And women mystery writers have gone from being ignored to being stars of the genre. We talk with mystery writer Sara Paretsky about women’s changing position in the genre and about her own socially conscious mystery writing. Then we congratulate Elizabeth Kolbert on her Pulitzer Prize for The Sixth Extinction. Continue reading

Web Extras

Web Exclusive: Per Espen Stoknes, What We Think About When We Try Not To Think About Global Warming

what_we_think_aboutThe more we know about climate change, the less we do about it. It’s the “climate paradox.” That’s why we need a new psychology of climate change, according to Norwegian author and economist, Per Espen Stoknes.

His new book, What We Think About When We Try Not To Think About Global Warming, tackles the climate paradox head on in an eminently readable book that should be obligatory reading for all who care about our future and are frustrated at the slow pace of action. Continue reading

Podcast

Climate Changes Everything

Naomi Klein talks about her ground-breaking new book, This Changes Everything: Capitalism and The Climate. It’s about how the climate crisis could lead to a more just and safer world. Then, the Senate voted down the Keystone XL pipeline for now, but is almost certain to pass it after January. We talk with climate journalist John Cushman, re-airing an interview with him about the pipeline and what it will mean if it’s approved.

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Podcast

Naomi Oreskes, THE COLLAPSE OF WESTERN CIVILIZATION & Dr. James Hansen, STORMS OF MY GRANDCHILDREN

Naomi Oreskes
Naomi Oreskes
Dr. James Hansen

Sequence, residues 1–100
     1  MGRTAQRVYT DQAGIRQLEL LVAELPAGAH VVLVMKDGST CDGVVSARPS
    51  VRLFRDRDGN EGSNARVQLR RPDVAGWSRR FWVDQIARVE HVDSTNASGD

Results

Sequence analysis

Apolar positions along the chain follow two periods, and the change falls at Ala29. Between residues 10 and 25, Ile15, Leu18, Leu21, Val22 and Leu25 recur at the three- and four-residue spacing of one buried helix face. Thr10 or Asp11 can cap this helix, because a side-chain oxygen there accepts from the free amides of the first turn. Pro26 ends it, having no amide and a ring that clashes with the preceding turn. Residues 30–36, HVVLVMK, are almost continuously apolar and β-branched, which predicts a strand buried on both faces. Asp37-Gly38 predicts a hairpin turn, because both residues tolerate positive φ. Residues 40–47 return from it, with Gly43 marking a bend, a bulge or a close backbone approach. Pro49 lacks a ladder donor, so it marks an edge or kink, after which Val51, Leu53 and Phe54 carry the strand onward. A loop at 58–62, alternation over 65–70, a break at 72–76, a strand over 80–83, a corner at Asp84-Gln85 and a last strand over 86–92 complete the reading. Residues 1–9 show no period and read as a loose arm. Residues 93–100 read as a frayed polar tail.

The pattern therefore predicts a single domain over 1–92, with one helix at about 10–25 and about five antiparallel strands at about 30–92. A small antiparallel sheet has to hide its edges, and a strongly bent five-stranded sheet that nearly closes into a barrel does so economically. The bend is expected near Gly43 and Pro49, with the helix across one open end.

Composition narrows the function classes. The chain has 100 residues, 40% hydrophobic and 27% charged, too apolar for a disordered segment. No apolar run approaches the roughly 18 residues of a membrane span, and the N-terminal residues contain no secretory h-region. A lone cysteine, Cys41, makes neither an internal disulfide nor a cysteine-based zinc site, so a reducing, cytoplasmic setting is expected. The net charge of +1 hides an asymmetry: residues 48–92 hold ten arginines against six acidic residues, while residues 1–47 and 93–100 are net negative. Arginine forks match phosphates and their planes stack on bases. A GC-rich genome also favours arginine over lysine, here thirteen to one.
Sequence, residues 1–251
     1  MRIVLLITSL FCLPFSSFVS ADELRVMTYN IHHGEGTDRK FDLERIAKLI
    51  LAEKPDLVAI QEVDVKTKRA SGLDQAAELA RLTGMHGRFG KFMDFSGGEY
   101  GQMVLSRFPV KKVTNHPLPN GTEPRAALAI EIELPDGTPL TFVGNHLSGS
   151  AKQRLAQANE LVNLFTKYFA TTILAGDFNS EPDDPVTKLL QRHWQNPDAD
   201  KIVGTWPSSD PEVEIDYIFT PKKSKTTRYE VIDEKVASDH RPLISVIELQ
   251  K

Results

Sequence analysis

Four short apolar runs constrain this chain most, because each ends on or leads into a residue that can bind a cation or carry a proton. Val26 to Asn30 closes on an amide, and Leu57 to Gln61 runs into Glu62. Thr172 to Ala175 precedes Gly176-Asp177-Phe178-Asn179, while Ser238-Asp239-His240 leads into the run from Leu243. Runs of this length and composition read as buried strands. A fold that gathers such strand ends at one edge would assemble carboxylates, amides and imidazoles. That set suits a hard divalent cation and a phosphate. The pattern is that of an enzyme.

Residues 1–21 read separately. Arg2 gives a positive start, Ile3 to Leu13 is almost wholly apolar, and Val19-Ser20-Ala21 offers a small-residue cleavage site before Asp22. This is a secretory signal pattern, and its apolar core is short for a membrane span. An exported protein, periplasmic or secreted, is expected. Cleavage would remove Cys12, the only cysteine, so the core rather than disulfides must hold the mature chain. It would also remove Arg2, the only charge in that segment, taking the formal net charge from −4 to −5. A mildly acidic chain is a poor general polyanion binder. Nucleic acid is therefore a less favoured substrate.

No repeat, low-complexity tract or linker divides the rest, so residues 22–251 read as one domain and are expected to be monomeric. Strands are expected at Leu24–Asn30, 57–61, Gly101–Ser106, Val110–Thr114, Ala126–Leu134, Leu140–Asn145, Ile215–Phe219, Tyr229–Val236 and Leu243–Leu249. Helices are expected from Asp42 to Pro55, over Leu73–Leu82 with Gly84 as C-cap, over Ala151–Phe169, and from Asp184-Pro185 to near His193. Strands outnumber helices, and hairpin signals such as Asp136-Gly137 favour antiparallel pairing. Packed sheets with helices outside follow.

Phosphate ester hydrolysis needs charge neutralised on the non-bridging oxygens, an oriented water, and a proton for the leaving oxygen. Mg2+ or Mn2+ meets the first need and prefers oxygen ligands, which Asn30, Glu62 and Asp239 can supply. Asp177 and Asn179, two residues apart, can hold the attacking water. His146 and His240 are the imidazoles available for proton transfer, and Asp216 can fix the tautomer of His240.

Dr. James Hansen

Naomi Oreskes talks about the speculative novel she co-wrote with Erik Conway, The Collapse of Western Civilization: A View from the Future. Then, as the world prepares for climate talks and the People’s climate march in New York City, we hear our 2010 interview with climatologist Dr. James Hansen.

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Podcast

Paul Ehrlich, HOPE ON EARTH & Ryan Mitchell, TINY HOUSE LIVING

Paul R. Ehrlich
Paul R. Ehrlich
Ryan Mitchell
Ryan Mitchell

World-renowned biologist Paul Ehrlich of The Population Bomb fame talks about his new book (with Michael Charles Tobias) Hope on Earth: A Conversation. And Ryan Mitchell discusses Tiny House Living: Ideas For Building and Living Well In Less than 400 Square Feet.

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Podcast

Boris Fishman, A REPLACEMENT LIFE & John Cushman, KEYSTONE AND BEYOND

Boris Fishman
Boris Fishman
John Cushman
John Cushman

Boris Fishman talks about his terrific debut novel about coming of age as an immigrant in America, A REPLACEMENT LIFE.

And Obama just announced a get-tough policy on carbon pollution from coal-fired power plants. Now the question is, will he or won’t he on the Keystone XL pipeline? John Cushman of Inside Climate News tells the story leading up to Obama’s predicament on the pipeline and where he might go in the future. Cushman’s new e-book is KEYSTONE AND BEYOND.